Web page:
Children with nits and live lice continue to be excluded from school by “no nit” and “no live lice” policies due to myths and misinformation. Parent and school staff education and re-education on the topic is the best mechanism to dispel the myths around the transmission of lice (Pontius, 2014). According to the CDC (2015), “The burden of unnecessary absenteeism to the students, families and communities far outweighs the risks associated with head lice” (para. 6). Improved attendance for children who were formerly excluded along with the decrease in stigmatism of these children and families can positively impact student learning and the school environment.
NASN recommends school nurses take an active role in the education of parents, students, providers, and school communities to promote proper evidence-based practices in the treatment and management of head lice. These actions include clarifying misinformation about how head lice are transmitted and advocating for a more supportive, less exclusionary approach to head lice management that does not disrupt the educational environment and promotes student attendance and academic success.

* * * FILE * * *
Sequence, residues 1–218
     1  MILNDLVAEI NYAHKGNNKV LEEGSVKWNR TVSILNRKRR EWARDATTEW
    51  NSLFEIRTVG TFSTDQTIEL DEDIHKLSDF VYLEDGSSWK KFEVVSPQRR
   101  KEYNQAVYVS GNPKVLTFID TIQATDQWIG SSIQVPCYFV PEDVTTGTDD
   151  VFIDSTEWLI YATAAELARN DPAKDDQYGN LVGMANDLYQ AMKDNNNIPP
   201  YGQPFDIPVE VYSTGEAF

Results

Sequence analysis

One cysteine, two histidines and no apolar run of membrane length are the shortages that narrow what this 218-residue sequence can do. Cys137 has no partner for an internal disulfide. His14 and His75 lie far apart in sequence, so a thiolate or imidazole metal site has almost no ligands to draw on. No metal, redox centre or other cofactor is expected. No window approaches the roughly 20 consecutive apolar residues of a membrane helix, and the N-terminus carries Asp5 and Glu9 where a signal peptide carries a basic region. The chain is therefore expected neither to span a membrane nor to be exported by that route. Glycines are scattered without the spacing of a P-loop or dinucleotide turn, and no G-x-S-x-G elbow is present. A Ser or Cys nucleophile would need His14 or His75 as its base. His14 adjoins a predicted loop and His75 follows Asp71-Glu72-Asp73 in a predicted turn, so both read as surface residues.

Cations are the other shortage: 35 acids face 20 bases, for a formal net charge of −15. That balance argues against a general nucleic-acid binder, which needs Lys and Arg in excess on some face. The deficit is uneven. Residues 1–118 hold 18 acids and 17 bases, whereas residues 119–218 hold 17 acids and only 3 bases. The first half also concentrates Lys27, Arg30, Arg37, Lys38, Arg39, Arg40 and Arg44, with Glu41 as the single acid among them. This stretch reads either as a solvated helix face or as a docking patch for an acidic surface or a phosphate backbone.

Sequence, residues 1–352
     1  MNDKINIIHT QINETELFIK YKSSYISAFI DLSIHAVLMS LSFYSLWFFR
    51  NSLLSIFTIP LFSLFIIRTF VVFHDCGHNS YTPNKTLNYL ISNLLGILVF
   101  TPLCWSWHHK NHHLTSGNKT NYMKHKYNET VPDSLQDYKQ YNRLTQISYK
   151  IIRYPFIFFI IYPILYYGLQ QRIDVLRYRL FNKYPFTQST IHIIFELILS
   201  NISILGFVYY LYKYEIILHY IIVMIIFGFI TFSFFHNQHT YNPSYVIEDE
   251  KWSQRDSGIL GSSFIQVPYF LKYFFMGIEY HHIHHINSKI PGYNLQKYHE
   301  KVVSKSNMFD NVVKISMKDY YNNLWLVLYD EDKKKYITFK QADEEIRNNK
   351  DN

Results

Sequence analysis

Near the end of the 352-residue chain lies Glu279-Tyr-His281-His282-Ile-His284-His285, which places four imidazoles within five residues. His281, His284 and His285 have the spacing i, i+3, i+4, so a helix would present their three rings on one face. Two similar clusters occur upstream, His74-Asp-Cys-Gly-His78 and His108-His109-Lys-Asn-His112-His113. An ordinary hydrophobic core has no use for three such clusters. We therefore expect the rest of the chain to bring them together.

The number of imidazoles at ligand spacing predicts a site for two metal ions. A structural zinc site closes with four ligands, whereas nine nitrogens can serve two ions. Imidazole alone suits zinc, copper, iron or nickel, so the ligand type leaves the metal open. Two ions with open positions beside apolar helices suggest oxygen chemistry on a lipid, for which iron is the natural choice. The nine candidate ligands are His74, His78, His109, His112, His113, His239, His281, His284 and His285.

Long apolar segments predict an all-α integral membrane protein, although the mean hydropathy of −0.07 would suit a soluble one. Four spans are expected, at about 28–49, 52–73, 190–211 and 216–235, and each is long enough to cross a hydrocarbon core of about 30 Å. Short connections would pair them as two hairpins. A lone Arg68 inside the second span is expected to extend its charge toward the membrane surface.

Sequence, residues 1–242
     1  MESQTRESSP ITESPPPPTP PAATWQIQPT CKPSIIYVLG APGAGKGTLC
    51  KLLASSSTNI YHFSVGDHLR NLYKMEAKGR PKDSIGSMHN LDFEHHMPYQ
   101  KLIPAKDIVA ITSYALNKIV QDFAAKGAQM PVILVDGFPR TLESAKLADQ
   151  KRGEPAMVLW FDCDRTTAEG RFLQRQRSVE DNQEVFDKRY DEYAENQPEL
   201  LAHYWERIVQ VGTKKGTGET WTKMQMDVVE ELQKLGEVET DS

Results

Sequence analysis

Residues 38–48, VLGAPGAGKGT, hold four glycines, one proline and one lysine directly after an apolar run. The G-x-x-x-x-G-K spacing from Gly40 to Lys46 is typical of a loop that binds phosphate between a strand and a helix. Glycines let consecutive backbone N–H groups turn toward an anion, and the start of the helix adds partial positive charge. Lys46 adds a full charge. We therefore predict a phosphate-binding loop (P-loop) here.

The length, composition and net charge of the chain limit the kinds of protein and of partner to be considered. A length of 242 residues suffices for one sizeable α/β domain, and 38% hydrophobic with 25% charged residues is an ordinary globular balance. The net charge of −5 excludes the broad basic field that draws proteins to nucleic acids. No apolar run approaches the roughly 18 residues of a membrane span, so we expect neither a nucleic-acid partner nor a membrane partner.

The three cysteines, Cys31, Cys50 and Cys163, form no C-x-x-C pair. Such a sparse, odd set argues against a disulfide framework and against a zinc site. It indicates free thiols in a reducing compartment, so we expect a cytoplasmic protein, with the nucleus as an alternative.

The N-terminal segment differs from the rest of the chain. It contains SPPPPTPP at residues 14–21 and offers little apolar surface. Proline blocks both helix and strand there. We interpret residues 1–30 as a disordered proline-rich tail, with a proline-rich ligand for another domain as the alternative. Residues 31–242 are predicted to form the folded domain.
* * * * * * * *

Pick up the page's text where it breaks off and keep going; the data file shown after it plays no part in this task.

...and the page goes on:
Centers for Disease Control and Prevention (2015). Head lice information for schools. http://www.cdc.gov/parasites/lice/head/schools.html
Centers for Disease Control and Prevention. (2019). Head lice general information. http://www.cdc.gov/parasites/lice/head/gen_info/faqs.html
Cummings, C. S., Finlay, J. C., & MacDonald, N. E. (2018). Head lice infestations: A clinical update. Paediatrics & Child Health, 23(1), e18-e24. https://doi.org/10.1093/pch/pxx165
Devore, C., Schutze, G., & The American Academy of Pediatrics’ Council on School Health and Committee on Infectious Diseases. (2015). Head lice. Pediatrics, 135(5), e1355-e1365. https://doi.org/10.1542/peds.2015-0746
Koch, E., Clark, J. M., Cohen, B., Meinking, T. L., Ryan, W. G., Stevenson, A., Yetman, R., & Yoon, K. S. (2016). Management of head louse infestations in the United States–A literature review. Pediatric Dermatology, 33(5), 466-472. https://doi.org/10.1111/pde.12982
Pontius, D. (2014). Demystifying pediculosis: School nurses taking the lead. Pediatric Nursing, 40(5), 226-235. https://www.pediatricnursing.net/ce/2016/article4005226235.pdf
Acknowledgement of Authors:
Lisa Kern, MSN, RN, NCSN
Clayton S. Wetzel III, BSN, RN, NSCN
Karen Kerley, BSN, RN, NCSN
Karen Elliott, RN
Sharon Bailey, MSN, RN
Revised: 2004, January 2011, January 2016, June 2020
Suggested citation: National Association of School Nurses. (2020). Head lice management in schools (Position Statement). Author.
“To optimize student health, safety and learning, it is the position of the National Association of School Nurses that a professional registered school nurse is present in every school all day, every day.”
All position statements from the National Association of School Nurses will automatically expire five years after publication unless they have been renewed, revised, or retired at or before that time.